Parashat Beha’alotkha

by Rabbi Michael Pitkowsky

This week’s parashah begins with a description of the installation and function of the menorah in the Tabernacle.

“Speak to Aaron and say to him: When you set up the lamps, the seven lamps shall give light in front of the lampstand. Aaron did so; he set up its lamps to give light in front of the lampstand, as the LORD had commanded Moses. Now this was how the lampstand was made, out of hammered work of gold. From its base to its flowers, it was hammered work; according to the pattern that the LORD had shown Moses, so he made the lampstand.” (Numbers 8:2-4)

In the detailed instructions for the construction of the Tabernacle that are found in the Book of Exodus one can find the specifics of how the menorah was to be constructed, and what we have in Numbers seems to be the final description of how it was to be used. After these few verses at the beginning of our parashah there are no more instructions relating to the menorah in the rest of the Torah.

Midrash Rabbah contains an interesting explanation of the “why” of the menorah.

Israel said to the Holy One, blessed be He: ‘ Sovereign of the Universe! Do you ask us that we should give light before You? You, surely, are the Light of the universe, and brightness abides with You’; as it is written, ’The light dwells with Him’ (Daniel 2:22)! Yet You say, “let the seven lamps give light at the front of the lampstand.” (Numbers 8:2)…The Holy One, blessed be He, said to them: ‘It is not because I require your service, but in order that you may give Me light even as I have given you light. For what purpose? That you may rise before the nations [of the world], who will say: “See how Israel gives light to Him who gives light to the whole world! ” ”…The Holy One, blessed be He, led them and gave them light; as it says, “And the Lord went before them by day in a pillar of cloud… and by night in a pillar of fire, to give them light” (Exodus 13:21). When the Tabernacle was erected, the Holy One, blessed be He, called to Moses and said to him: ‘Now you give light to Me; as it says, “When you set up the lamps” (Numbers 8:2); implying: in order that you may be elevated. (Bemidar Rabbah 15:5)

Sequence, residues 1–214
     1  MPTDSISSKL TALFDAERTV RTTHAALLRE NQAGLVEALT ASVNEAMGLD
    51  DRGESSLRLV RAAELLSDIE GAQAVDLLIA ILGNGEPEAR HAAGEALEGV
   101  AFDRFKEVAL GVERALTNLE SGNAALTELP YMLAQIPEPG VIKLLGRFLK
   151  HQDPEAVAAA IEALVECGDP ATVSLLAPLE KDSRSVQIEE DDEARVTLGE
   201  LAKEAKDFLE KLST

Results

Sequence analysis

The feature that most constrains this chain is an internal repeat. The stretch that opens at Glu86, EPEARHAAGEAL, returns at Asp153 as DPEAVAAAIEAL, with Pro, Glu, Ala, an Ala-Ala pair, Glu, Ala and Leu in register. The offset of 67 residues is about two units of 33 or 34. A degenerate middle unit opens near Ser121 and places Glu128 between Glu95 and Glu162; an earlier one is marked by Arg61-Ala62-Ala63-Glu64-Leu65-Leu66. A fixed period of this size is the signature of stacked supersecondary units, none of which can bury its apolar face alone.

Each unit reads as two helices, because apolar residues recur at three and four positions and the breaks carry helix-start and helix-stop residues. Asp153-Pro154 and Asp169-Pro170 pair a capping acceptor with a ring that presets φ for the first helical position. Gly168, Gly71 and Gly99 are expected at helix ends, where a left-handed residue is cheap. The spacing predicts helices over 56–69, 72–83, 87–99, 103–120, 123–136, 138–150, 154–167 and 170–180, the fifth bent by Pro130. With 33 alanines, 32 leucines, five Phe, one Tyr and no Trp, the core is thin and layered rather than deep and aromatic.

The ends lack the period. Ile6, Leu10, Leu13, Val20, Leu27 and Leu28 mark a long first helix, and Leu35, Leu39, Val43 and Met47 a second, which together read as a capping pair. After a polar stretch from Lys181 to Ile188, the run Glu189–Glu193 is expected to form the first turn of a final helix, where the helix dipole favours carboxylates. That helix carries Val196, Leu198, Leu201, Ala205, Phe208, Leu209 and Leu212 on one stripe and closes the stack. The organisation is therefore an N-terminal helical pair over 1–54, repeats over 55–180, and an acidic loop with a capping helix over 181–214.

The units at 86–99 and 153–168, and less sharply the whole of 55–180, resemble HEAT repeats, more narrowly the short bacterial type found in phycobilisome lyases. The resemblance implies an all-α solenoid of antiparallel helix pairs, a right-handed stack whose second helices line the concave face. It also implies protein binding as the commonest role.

Rabbi Chaim Shmuelevitz of the Mir Yeshiva interpreted this midrash to be teaching us the value of gratitude, hakarat ha-tov. God does not need the light of the menorah, but the Children of Israel light it in order to acknowledge their gratitude for the light and guidance that God provided for them while they were wandering in the desert. The lighting of the menorah not only symbolizes the Children of Israel’s gratitude towards God, but it also provides an example to the nation of the world and a way in which Israel can be elevated along with the light of the menorah.

In his comments on this parashah Rabbi Shmuelevitz goes on to list the instances within the Bible when people exhibited gratitude, not only towards God and other people, but also towards inanimate objects. We are often blessed to have been helped by others and to have had our paths lit by them, showing gratitude is just one way of acknowledging what others have done for us.